Illinois Department of Human Rights Launches “Fairness and Equality Campaign” for Illinois Bicentennial

Feb 2, 2018

Statewide initiative for local governments announced at Black History Month Celebration in Springfield

The Illinois Department of Human Rights (IDHR) is celebrating the state’s 200th birthday by focusing on inclusion and diversity.

IDHR Acting Director Janice Glenn today announced the launch of the “Fairness and Equality Campaign” in recognition of the Illinois Bicentennial. The campaign aims to get at least 200 local government entities to commit to improving cultural relations in their communities.

“We are excited to collaborate with statewide partners to end discrimination and build upon our core values of diversity and inclusion,” said Acting Director Glenn. “It is fitting to announce this impactful campaign during our celebration of Black History Month, where we all take time out to recognize the inspiring history and achievements of the African-American community in Illinois.”

Local municipalities, counties, townships, and school districts are all encouraged to sign on to the “Fairness and Equality Campaign.”  Those who formally join will be offered a variety of partnership opportunities such as joint-public events, media resources, and training opportunities to promote awareness of the State’s anti-discrimination protections.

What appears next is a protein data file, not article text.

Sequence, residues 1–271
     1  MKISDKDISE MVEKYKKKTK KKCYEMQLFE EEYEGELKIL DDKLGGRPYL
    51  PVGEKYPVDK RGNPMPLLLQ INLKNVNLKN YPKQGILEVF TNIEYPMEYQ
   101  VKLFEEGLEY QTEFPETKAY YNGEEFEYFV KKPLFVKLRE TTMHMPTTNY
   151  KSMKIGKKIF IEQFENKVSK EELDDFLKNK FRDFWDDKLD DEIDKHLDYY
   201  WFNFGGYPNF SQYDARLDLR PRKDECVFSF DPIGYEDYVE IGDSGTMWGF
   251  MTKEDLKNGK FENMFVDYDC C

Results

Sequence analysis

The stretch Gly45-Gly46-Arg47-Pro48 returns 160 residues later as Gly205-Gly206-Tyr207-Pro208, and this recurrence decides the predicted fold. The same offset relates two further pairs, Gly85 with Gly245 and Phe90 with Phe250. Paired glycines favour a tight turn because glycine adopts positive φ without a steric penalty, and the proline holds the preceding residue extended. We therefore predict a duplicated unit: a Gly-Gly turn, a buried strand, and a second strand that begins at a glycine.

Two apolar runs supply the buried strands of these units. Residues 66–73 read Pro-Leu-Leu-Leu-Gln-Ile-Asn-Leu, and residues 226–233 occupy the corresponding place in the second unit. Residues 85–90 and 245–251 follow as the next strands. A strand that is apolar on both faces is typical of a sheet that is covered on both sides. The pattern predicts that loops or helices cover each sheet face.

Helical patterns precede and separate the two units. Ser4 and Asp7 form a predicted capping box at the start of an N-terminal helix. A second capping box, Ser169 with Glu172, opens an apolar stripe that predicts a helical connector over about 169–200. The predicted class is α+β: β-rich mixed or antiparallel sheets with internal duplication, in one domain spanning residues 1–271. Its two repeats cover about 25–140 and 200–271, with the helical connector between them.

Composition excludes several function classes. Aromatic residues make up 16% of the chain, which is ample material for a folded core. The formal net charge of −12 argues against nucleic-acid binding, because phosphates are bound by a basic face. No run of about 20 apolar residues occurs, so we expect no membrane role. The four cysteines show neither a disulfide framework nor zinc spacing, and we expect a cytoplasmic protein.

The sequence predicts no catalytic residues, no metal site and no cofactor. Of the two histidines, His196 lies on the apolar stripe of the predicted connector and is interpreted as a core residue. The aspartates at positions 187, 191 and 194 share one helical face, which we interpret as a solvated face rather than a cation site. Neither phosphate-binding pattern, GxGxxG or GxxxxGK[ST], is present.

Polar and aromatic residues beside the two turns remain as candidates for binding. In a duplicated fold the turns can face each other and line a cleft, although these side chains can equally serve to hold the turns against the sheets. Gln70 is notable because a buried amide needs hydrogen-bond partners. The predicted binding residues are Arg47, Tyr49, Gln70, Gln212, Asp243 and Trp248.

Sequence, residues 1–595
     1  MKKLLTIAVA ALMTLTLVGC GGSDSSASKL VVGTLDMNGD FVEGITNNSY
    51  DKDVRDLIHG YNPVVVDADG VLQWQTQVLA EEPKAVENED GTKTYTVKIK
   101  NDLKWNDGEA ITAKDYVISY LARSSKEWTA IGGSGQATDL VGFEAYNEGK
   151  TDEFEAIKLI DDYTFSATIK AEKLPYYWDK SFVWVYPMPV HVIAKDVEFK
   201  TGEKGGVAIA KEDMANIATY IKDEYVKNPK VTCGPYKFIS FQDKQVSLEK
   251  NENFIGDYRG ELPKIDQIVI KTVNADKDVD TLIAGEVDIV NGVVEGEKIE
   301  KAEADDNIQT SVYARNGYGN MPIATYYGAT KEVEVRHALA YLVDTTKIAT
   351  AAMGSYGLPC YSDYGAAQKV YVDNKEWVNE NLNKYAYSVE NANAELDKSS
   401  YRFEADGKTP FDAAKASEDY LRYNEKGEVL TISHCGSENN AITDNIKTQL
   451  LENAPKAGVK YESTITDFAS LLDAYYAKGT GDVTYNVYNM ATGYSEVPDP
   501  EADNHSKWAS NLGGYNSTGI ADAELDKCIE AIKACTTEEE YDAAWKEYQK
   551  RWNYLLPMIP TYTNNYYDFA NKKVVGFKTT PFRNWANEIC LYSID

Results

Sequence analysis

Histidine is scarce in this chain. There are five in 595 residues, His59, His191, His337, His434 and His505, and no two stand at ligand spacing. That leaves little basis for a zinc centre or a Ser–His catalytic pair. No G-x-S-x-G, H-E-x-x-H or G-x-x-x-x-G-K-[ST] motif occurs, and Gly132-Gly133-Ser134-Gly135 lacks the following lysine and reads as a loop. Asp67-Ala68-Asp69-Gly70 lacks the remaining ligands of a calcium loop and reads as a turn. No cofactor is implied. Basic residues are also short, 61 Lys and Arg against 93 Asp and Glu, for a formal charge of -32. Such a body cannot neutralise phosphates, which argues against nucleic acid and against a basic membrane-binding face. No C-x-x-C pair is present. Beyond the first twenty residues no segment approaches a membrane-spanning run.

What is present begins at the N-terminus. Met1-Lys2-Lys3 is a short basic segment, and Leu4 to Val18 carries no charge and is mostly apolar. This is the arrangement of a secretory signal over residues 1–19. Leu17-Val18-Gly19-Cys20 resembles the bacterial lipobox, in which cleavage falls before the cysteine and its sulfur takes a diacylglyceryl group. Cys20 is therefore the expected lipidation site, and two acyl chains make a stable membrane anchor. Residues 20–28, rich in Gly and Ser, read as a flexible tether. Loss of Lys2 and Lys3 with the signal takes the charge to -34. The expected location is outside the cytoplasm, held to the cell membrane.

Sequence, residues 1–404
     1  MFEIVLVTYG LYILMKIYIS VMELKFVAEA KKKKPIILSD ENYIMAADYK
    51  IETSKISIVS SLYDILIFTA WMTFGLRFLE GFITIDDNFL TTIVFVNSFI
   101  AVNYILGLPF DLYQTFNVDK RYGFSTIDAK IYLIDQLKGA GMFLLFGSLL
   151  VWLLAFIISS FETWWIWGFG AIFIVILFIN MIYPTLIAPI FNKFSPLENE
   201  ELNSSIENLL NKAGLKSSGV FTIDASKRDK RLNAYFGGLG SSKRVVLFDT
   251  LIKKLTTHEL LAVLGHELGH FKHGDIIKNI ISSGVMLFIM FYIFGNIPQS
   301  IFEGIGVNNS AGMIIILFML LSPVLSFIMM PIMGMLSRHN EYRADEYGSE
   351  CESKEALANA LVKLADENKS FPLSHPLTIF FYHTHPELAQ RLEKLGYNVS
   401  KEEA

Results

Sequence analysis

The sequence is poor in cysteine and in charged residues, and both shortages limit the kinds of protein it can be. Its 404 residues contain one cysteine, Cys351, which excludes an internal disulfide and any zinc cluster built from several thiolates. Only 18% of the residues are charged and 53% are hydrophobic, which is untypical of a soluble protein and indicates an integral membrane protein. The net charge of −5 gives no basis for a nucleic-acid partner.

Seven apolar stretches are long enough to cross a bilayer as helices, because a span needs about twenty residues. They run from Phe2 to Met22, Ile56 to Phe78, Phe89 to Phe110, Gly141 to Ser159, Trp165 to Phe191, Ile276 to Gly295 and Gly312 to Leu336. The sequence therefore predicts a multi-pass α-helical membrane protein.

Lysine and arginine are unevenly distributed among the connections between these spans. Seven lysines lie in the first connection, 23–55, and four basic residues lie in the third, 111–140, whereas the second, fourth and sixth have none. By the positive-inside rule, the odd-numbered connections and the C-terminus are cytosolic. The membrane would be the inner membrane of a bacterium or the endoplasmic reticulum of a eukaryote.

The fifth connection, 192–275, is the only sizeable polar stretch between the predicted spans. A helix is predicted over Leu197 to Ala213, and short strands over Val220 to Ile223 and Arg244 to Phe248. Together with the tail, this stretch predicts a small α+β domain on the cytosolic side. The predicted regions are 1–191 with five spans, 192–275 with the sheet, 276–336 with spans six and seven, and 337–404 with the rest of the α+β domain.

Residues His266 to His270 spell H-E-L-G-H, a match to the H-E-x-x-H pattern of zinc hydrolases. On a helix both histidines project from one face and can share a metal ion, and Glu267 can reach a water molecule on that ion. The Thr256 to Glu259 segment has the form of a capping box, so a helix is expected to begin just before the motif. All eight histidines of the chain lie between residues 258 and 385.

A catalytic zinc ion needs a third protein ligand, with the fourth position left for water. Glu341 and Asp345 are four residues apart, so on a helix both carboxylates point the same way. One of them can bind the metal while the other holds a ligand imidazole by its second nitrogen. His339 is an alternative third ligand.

“There is no place for discrimination in our society,” said Governor Bruce Rauner. “We are focused on ending discrimination in Illinois. Focusing on fairness and equality will not only help us build a greater understanding of our friends and neighbors, it will also help us build communities where people can thrive.”

The campaign’s formal launch was made during IDHR’s Black History Month Celebration at the Illinois State Library in Springfield, where Mayor James Langfelder reiterated the City of Springfield’s commitment to the effort. 

“I am proud that the Springfield City Council unanimously adopted a resolution last August that affirmed our commitment to civil rights and the opposition to racism and discrimination in our community. It was done because as a governing body representing the residents of our city, it was the right thing to do,” stated Mayor Langfelder. “Through IDHR’s campaign, we hope other communities will take part in solidifying their efforts, serving as a beacon of inclusion, tolerance and demonstrating respect for all.”

The event, which was sponsored in part by the Springfield and Central Illinois African American Museum, also featured a keynote address by Teresa Haley, President of the Illinois Chapter and Springfield Chapter of the National Association for the Advancement of Colored People (NAACP), and a Harriet Tubman portrayal performance by Kathryn Harris.

Those interested in learning more about the campaign can contact IDHR by phone, at (312) 814-1830, or email, at Units of local government interested in the campaign can submit an online interest form at

Website Development